Neo-Gothic Architecture in Britain

 

   1.  Charles Robert Cockerell, (1788-1863), Killerton House, 1 2 3   

   2. William James Burges, (1827-1881), Knightshayes House, 1 (interior view) 2

   3. G. E. Street, St. Peter's church, Treverbyn, windows 1 2 3 4

   4. St. Piran's cloister garden, Redruth, 1

   5. Thomas Dyke Acland, (1787-1871), church at Columb John, 1 2 3

   6.  Robert Smirke, (1780-1867), Eastnor Castle  1 2 3

   7.  George Edmund Street, (1824-1881), St. Andrew's church, Toddington,  1 2 3 4

   8.  Edward Law, Second Baron Ellenborough, (1790-1871),

        church of the Ascension, Southam, 1 2 3 and  Southam  House,  1 2

   9. James Wyatt, (1746-1813), Broadway Tower 1

  10. Harvey Eginton, (1808-1849), St. Michael and All Angels church, Broadway,  1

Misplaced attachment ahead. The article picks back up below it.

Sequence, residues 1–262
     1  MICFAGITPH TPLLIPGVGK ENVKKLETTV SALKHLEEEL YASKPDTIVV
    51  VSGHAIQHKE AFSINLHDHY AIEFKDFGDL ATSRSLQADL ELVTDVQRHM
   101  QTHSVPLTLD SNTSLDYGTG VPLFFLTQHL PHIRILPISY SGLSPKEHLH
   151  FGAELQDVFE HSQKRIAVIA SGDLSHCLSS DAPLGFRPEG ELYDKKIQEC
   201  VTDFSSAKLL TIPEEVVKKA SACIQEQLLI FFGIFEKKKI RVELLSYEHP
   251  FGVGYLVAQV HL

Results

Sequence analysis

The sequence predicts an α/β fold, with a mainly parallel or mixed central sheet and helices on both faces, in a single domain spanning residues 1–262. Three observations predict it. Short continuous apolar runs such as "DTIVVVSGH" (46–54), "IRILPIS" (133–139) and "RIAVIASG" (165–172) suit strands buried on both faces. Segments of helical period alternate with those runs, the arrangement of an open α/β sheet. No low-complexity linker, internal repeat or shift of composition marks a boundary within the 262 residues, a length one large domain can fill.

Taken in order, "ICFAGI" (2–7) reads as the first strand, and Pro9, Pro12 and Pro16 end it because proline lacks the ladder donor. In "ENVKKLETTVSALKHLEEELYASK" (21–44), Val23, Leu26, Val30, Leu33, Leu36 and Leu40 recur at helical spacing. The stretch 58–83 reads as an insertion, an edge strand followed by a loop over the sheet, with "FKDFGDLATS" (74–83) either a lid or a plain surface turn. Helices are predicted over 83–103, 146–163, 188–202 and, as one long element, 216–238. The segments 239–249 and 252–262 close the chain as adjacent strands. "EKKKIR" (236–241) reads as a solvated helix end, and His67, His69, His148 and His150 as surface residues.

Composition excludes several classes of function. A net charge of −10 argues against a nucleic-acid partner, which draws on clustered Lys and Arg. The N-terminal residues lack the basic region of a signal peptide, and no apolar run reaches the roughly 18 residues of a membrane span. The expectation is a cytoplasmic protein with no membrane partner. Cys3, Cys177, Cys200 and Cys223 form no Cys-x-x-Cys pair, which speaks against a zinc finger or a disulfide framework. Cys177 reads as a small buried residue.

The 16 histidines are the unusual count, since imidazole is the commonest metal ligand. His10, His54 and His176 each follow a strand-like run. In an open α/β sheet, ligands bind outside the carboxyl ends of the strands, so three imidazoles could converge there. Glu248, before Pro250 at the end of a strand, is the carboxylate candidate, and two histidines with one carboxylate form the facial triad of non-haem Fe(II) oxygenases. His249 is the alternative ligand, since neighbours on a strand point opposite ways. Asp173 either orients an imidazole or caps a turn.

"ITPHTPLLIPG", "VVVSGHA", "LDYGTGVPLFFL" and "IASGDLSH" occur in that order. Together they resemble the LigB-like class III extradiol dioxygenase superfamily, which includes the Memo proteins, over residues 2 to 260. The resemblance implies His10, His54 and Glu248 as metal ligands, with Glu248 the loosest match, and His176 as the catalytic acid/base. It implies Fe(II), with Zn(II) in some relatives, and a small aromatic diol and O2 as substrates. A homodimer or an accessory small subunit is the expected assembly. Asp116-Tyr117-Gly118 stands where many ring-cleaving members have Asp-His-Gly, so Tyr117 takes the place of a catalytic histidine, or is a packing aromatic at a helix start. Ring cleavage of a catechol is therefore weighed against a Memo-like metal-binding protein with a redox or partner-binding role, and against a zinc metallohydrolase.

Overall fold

11.  Gibert Blount, (1860-1868), St. Peter's Church, Gloucester, 1

     

    The Neo-Gothic period is generally thought to be a departure from neoclassicism, and strongly associated with medieval English buildings.. However, in the designs at Killerton House, we see the influence of Italian and French medieval architecture. The rose window is reminiscent of the wheel window form used at, for example, Tuscania. The chevet design can be traced to its use in France, as in the at chapel St. Benoit sur Loire, and in the Romanesque windows, which derive from the Norman period, for example at Morienval, see the page curveline. The style at Knightshayes House is more typical of the period, with its use of trefoils, a defining characteristic of the Early English style. Burges was heavily influenced by Pugin and Thomas Rickman, who wrote the famous
Attempt to Discriminate the Styles of English Architecture (1817). Castles also drew on medieval themes, for example at Eastnor, we can see the use of 3 shafts, a Norman innovation, possibly with Anglo-Saxon influence, the tower at Broadway also has 3 turrets. At St. Peter's in Gloucester, we can again see the use of trefoils, in a manner reminiscent of the medieval rose window at Alatri, Italy.